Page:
Before reading his quote, just let me say, as one who monitors the church's social media platforms, and most specifically YouTube where our sermon videos are, but also Facebook from time to time in discussions, I hear the same thing echoed times and time again.
Things like - the New Testament was written only in Greek - everyone in that time period spoke Greek (or Aramaic) — Hebrew as a language was dead, etc. etc. Most of this gets railed against us because of Dave's use of the Hebrew terms Yeshua and Yahweh, making people think we are part of some cultic Hebrew roots movement.
I had a conversation with a guy a couple months back on Facebook actually, where I mentioned the Hebrew cultural understanding of the manger and the whole nativity scene. He went off, saying people like me try to convert everything to Hebrew, when it is obvious — he says - that God had by that time, purposely converted everything - from the people, to the Scriptures - into Greek, and that the Hebrew culture was dead and of no effect or influence on things by the time of Christ.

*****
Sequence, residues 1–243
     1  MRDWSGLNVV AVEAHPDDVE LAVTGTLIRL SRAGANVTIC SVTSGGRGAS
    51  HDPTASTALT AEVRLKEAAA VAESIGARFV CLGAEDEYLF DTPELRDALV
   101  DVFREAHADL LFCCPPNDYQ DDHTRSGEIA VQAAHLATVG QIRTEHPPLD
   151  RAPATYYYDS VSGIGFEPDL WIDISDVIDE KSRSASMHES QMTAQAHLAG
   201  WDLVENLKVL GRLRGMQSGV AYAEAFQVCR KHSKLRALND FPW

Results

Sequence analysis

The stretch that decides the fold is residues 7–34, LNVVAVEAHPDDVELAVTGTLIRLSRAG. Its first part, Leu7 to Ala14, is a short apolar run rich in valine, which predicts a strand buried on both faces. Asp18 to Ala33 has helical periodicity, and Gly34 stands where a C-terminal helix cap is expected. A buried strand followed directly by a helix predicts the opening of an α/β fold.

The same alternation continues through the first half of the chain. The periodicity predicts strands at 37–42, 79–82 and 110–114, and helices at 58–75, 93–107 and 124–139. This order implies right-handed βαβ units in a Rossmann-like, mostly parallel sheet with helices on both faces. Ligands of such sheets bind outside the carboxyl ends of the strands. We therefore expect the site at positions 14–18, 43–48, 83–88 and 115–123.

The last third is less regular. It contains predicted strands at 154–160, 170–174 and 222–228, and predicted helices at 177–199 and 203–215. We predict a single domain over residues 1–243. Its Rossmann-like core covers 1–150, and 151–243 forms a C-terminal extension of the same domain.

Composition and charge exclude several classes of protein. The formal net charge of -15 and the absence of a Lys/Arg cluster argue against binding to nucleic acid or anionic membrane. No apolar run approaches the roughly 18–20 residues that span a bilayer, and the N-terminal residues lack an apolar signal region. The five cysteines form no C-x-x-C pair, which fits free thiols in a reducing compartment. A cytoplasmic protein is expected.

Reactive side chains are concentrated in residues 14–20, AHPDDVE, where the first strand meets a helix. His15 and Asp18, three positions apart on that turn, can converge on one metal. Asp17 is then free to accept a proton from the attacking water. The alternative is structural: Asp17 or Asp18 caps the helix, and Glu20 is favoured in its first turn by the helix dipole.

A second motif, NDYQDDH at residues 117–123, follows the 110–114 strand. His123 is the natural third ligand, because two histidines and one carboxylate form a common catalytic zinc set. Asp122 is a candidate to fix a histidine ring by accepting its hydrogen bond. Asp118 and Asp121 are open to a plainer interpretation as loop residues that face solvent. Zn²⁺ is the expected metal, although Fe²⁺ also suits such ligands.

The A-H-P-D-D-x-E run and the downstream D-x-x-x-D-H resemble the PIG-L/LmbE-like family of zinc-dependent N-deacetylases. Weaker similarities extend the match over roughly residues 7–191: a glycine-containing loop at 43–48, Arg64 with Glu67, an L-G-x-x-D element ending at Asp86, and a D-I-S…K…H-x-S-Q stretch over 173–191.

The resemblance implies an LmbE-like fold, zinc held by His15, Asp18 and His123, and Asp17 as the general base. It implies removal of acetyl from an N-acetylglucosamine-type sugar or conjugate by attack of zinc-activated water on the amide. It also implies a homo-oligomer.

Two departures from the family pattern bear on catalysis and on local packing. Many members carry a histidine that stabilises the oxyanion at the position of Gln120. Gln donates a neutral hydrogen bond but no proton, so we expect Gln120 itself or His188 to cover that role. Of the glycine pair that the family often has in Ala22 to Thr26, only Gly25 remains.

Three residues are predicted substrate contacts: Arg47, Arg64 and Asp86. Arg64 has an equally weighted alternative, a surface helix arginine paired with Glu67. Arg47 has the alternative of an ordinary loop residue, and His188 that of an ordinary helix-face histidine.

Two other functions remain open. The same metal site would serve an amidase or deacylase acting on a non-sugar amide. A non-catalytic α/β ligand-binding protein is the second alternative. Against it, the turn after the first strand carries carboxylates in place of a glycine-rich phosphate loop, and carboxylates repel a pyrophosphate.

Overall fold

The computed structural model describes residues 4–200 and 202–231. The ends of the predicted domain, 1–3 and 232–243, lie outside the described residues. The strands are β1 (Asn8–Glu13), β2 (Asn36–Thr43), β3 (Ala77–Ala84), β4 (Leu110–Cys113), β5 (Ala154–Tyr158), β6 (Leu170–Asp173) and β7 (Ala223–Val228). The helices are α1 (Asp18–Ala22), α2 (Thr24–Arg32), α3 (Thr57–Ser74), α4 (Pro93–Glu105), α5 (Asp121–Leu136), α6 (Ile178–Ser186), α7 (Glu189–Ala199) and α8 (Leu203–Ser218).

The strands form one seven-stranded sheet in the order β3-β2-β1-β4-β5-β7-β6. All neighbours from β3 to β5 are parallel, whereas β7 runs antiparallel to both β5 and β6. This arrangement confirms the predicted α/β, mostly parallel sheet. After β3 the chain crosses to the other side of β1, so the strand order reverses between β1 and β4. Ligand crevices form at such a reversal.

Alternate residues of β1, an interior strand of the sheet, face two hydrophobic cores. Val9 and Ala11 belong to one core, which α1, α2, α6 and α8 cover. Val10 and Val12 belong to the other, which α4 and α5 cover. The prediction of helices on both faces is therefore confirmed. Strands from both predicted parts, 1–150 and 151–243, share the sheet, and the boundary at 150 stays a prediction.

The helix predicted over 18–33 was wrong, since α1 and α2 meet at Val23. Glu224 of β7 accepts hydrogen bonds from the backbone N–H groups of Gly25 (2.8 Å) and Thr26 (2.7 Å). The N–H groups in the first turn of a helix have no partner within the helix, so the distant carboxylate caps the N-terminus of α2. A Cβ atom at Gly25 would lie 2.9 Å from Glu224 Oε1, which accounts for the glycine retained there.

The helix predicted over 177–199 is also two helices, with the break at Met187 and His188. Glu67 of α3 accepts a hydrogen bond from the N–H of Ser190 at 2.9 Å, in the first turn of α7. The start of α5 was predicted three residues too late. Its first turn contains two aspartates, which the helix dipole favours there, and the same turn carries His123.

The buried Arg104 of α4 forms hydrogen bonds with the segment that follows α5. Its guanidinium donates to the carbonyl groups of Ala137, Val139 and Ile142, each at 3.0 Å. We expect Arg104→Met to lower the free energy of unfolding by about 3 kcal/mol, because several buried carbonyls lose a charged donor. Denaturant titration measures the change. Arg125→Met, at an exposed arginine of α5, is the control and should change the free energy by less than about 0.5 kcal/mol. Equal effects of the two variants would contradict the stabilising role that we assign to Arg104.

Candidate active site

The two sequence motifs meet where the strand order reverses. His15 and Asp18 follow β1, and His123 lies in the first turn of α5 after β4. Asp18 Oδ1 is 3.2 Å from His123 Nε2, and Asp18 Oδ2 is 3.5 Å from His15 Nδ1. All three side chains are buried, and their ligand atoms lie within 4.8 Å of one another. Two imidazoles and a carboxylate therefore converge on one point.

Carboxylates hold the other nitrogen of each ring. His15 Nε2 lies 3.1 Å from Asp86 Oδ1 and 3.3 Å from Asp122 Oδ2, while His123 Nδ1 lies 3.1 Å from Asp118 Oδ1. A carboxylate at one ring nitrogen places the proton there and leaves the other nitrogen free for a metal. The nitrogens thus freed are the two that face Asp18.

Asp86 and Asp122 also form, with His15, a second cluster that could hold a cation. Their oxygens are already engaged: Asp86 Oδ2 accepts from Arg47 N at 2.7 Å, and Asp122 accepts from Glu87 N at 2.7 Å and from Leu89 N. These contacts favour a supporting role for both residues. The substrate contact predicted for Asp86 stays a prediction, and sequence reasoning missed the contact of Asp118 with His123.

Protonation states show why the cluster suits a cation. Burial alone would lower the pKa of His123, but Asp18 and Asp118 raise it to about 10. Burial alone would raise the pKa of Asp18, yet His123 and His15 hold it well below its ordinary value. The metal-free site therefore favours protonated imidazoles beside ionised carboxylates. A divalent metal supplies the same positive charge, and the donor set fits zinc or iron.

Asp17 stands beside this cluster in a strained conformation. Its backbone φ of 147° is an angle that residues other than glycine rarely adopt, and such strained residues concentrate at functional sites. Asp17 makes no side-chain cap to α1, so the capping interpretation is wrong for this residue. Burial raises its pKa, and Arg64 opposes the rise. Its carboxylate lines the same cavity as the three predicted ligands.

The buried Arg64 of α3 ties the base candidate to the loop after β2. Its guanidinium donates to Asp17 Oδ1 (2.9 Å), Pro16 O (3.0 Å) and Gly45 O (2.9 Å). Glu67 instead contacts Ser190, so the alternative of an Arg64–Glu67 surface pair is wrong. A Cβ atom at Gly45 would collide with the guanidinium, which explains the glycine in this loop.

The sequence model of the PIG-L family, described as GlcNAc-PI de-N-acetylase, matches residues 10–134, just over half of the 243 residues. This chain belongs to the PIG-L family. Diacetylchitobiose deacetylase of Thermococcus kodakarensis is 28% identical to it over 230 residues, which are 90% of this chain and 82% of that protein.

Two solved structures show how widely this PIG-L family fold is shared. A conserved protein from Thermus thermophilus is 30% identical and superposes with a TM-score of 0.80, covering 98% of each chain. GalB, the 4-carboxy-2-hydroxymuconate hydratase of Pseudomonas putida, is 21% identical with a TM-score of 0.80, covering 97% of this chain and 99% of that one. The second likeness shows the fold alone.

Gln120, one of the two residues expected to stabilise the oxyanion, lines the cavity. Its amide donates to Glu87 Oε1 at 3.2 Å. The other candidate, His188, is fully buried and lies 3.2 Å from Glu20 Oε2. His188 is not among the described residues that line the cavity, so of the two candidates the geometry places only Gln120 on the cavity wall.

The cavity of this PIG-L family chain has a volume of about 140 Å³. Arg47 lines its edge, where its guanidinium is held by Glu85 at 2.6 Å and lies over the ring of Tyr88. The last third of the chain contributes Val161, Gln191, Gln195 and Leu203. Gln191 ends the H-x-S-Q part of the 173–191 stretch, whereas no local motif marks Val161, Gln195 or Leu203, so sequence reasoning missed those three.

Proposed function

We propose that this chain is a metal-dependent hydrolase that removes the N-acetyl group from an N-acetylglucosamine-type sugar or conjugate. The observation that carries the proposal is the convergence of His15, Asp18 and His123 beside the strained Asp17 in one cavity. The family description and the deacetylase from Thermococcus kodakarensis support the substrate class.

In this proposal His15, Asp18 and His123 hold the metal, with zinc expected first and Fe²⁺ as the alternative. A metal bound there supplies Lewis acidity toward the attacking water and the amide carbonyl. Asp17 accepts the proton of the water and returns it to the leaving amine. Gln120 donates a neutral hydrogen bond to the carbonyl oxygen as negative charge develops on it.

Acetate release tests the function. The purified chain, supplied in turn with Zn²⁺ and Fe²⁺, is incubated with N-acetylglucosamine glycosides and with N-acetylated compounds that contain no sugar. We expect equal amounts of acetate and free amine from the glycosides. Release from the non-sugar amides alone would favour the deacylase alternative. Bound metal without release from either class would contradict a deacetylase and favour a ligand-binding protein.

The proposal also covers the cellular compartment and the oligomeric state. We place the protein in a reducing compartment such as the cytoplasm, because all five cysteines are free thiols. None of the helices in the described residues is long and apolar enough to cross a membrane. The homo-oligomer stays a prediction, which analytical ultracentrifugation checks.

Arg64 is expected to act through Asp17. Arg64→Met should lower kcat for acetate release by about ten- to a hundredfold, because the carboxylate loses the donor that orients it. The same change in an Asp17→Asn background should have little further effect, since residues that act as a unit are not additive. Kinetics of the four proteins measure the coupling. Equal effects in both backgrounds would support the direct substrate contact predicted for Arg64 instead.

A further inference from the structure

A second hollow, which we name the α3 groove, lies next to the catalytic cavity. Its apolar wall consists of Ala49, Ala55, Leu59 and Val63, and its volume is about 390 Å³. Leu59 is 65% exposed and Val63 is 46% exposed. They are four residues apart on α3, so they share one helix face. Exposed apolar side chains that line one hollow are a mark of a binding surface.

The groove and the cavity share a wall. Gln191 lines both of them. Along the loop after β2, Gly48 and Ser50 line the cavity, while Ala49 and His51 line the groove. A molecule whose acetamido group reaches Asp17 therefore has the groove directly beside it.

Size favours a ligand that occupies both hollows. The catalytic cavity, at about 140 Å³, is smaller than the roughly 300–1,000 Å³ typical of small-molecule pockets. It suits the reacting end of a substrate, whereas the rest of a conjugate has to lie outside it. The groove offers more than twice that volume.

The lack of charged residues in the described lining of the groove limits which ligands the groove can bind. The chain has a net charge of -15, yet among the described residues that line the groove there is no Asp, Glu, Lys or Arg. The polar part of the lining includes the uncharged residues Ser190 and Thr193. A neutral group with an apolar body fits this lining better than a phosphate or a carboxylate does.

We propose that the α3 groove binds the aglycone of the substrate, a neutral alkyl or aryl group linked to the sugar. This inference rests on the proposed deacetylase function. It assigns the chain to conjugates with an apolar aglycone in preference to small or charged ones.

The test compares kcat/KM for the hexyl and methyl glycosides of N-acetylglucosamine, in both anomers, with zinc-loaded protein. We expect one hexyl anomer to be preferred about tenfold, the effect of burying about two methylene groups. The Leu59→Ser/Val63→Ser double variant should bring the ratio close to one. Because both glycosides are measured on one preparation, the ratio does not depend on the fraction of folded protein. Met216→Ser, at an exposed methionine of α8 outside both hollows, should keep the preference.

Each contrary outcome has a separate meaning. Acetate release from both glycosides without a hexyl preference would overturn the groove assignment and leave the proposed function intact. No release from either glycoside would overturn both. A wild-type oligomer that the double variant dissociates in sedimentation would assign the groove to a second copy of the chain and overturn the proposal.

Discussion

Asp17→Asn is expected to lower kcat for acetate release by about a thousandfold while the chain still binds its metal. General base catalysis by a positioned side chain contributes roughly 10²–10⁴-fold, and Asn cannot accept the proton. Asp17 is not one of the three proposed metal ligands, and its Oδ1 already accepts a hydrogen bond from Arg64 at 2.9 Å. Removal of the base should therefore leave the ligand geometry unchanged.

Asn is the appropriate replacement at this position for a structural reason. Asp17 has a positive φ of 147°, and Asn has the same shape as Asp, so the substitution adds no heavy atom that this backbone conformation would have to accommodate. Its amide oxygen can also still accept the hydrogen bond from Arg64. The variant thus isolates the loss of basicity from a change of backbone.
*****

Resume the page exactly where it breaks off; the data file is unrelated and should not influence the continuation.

So yes, when Dave consistently used Hebrew names like he does, or when he states he feels at least part of the New Testament was originally written in Hebrew and later translated into Greek, it comes against a wall of opposition because people have heard for so long that everything was Greek only.
Well, Bullinger, in the late 19th century knew differently even, when he said, in speaking on this verse in Matthew:
Now the New Testament is for the most part Hebrew in idioms, but Greek in language. This is the simple explanation of the difference between it and classical Greek. Moreover, there is reason to believe that the First Gospel, as we have it, is a translation from a Hebrew original. (E.W. Bullinger, Figures of Speech Used in the Bible)
He is not alone in this assumption, and I have read from other, more modern New Testament and Hebrew scholars, that the New Testament is full of Hebrew idioms, that when translated into Greek make little sense. Yet when you translate them back in Hebrew their meaning is clear.
This gives them evidence of a possible Hebrew source that was later translated into Greek by a non-Hebrew who did not know quite how to handle translating the idiom. Okay, that is the end of our rabbit trail within the rabbit trail, which we now return.